Mattingly was given a scholarship to play baseball for the Indiana State Sycamores following his high school career. Bill Robinson, Bill's father, told Major League Baseball (MLB) teams that his son expected to keep the pledge and not sign a professional contract. Mattingly was in the 1979 Major League Baseball draft until the 19th round, when he was drafted by the New York Yankees. He was not keen on attending college, so he signed with the Yankees, earning a $23,000 signing bonus.

Mattingly began his minor league baseball with the Oneonta Yankees of the Class A-Short Season in 1979. He wished to bat.500 for Oneonta but was dissatisfied with his.349 batting average, which never fell below.340. In 1980 for the Greensboro Hornets of the Class A South Atlantic League, he batted a record-best 177 hits in addition to his record-best 177 runs. He earned the league MVP award and was selected to the All-Star team for the second season. He hit.316 and led the Southern League with 35 doubles in 1981 with the Double-A Nashville Sounds. He was chosen to play in the Southern League All-Star Game and named to the team's postseason All-Star team.

Despite Mattingly's hitting ability, there were questions over his lack of speed and strength. Bob Schaefer, Greensboro's manager, said the company considered moving him to second base, which he would throw right-handed. Mattingly was batting.325 for the Columbus Clippers of the Triple-A International League when he made it to the majors late in the 1982 season. He was named to the league's postseason All-Star team and finished third in the voting for the International League MVP Award.

Mattingly made his Major League debut against the Baltimore Orioles on September 8, 1982. In the seventh inning, he got his first at-bat against the Milwaukee Brewers on September 11, bursting out to third base in the seventh inning. On October 1, Steve Crawford's first Major League hit occurred in the bottom of the 11th inning against the Boston Red Sox, a single to right field. In 12 at-bats this season, he only had 2 hits.

Mattingly spent his rookie season as a part-time first baseman and outfielder. In 279 at-bats, he batted for.283 runs. On June 24 against Red Sox's John Tudor, he scored his first home run.

Mattingly was the Yankees' full-time first baseman in 1984. He was chosen as a reserve for the 1984 All-Star Game with a batting average of.339. Mattingly and teammate Dave Winfield were competing for the American League batting title, with Mattingly trailing Winfield by.002. On the last day of the season, there are some things you may have missed. Mattingly went 4-for-5, while Winfield went 1-for-4. Mattingly won the batting title with a.343 average, while Winfield came in second with a.340 average. Mattingly led the league with 207 hits. He went for 23 home runs in a league-leading 44 doubles. He was second in the league in slugging percentages (5.37) and at bats per strikeout (18.3), fourth in total bases (324), fifth in sacrifice flies (9), and tenth in on-base percentage (.381).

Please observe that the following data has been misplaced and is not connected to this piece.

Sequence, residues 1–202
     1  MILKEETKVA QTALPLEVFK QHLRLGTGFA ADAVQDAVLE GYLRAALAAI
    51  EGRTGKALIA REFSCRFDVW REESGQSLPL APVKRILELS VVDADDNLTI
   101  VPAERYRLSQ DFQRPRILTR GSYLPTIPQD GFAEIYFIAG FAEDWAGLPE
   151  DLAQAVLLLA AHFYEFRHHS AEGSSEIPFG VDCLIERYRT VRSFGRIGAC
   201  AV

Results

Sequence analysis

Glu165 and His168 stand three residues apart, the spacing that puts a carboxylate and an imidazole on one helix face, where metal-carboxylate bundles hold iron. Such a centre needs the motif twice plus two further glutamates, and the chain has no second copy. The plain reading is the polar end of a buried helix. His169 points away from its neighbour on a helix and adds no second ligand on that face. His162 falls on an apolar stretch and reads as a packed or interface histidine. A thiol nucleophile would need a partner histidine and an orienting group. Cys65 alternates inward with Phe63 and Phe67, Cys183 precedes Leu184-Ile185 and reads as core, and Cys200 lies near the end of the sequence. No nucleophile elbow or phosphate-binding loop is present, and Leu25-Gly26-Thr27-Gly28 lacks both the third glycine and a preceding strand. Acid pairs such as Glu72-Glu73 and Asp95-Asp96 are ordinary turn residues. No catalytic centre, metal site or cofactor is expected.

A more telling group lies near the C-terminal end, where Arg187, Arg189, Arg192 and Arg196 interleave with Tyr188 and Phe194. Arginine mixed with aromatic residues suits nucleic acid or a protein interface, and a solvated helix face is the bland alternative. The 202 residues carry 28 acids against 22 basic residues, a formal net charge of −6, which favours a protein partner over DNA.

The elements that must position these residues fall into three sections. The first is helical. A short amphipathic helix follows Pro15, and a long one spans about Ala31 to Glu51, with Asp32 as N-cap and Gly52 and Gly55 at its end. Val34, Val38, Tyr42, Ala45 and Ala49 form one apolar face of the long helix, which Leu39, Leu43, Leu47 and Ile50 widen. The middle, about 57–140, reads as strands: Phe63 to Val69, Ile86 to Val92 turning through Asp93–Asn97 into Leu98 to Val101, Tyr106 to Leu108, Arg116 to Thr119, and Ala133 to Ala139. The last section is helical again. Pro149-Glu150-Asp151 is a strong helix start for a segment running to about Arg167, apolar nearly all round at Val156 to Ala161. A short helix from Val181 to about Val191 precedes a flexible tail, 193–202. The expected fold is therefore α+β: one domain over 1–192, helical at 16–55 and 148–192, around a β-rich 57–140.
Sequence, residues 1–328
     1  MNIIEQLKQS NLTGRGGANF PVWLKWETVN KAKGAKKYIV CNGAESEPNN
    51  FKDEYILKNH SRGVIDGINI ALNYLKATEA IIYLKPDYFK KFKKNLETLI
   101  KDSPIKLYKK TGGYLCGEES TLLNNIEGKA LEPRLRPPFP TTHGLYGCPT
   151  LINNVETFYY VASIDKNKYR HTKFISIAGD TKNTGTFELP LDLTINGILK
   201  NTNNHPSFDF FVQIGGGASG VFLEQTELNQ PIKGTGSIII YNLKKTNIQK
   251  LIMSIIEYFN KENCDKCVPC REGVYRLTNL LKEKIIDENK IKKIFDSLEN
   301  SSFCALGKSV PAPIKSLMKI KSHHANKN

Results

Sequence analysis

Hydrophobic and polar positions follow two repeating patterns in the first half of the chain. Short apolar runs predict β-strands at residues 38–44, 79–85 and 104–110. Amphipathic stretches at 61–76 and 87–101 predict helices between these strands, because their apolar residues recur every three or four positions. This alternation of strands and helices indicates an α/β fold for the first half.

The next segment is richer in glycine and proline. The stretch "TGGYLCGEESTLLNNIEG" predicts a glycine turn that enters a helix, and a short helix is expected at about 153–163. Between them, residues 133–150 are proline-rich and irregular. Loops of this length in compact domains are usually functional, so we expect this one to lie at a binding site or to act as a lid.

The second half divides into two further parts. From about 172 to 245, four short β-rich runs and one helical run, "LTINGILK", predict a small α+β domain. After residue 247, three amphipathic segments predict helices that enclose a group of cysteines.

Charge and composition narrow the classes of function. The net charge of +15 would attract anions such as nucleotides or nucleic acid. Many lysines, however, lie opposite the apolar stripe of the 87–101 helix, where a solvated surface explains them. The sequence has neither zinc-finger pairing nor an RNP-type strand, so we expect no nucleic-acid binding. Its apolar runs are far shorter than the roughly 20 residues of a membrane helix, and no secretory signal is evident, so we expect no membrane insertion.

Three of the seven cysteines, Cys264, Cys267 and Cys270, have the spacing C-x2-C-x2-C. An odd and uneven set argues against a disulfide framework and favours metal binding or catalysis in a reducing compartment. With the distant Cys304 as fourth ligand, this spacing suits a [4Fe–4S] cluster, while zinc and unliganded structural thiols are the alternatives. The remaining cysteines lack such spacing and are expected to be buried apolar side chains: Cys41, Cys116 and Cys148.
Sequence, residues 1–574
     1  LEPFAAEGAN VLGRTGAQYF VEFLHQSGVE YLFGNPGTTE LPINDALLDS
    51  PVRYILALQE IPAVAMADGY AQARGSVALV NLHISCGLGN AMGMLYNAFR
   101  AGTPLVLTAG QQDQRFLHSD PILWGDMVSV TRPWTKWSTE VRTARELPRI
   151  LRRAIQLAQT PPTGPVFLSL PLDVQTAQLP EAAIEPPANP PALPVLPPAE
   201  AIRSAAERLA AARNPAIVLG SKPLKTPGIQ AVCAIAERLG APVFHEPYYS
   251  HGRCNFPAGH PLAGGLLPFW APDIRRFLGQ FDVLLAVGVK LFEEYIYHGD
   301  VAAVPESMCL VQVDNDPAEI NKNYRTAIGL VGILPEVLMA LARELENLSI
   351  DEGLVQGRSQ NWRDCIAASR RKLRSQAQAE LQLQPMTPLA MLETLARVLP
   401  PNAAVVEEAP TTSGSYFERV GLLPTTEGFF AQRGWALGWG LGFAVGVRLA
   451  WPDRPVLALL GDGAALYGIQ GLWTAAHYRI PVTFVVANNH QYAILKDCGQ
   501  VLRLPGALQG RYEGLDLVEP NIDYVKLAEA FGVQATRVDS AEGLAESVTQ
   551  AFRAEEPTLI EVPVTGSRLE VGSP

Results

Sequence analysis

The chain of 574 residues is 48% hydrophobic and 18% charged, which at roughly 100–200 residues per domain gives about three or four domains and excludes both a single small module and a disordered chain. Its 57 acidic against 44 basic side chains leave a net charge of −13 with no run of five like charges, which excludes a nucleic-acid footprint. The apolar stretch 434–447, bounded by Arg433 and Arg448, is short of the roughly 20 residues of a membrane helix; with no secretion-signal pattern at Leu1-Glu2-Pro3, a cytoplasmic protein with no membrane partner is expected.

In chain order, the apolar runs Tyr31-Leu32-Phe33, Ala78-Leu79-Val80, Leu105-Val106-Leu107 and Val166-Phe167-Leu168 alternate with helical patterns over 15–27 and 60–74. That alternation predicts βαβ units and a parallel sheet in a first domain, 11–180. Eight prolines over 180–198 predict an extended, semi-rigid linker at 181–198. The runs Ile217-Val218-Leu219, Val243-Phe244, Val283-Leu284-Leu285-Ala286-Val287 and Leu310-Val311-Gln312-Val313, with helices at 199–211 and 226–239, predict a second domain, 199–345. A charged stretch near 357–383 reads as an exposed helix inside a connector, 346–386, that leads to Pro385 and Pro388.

Mattingly captained the American League in 1985, winning the MVP award. He batted.324 (3rd in the league), 48 doubles (1st), and 145 RBIs (1st), then the most RBIs in a season by a left-handed major league batter since Ted Williams drove in 159 in 1949. Al Rosen's 21-RBIs lead in the category was the most in the American League since 1953's 30-RBI lead. He was the second in the AL in sacrifice flies (15), total bases (370), and extra base hits (86), and ranked 2nd in intentional walks (13.9), 6th in runs per home run (18.6). With two out and runners in scoring position, he batted.354 out and runners in scoring position.

Mattingly was also rewarded in 1985 for his brave conduct, winning his first of nine Gold Glove Awards. Even though he was a left-handed thrower, he was considered such a valuable defensively by Yankees' leadership, who allowed him to play games at second base and third base early in his career. During the 1981 George Brett "Pine Tar Incident" game, Mattingly appeared as a left-handed throwing second baseman for one-third of a single inning. During a five-game series against the Seattle Mariners in 1986, he played three games at third base.

Mattingly had a great year in 1986, leading the league with 238 hits, 53 doubles, and smashing the single-season franchise records set by Earl Combs (231 hits) and Lou Gehrig (52 doubles); both records had been established in 1927. He also had 388 total bases and a 53% slugging percentage. He batted.352 (second in the league), hit 31 home runs (sixth) and drove in 113 runs (third). However, he was defeated in the American League MVP voting by pitcher Roger Clemens, who also received the Cy Young Award that year. Mattingly was also the first left-handed player to field a ball at third base during a Major League match.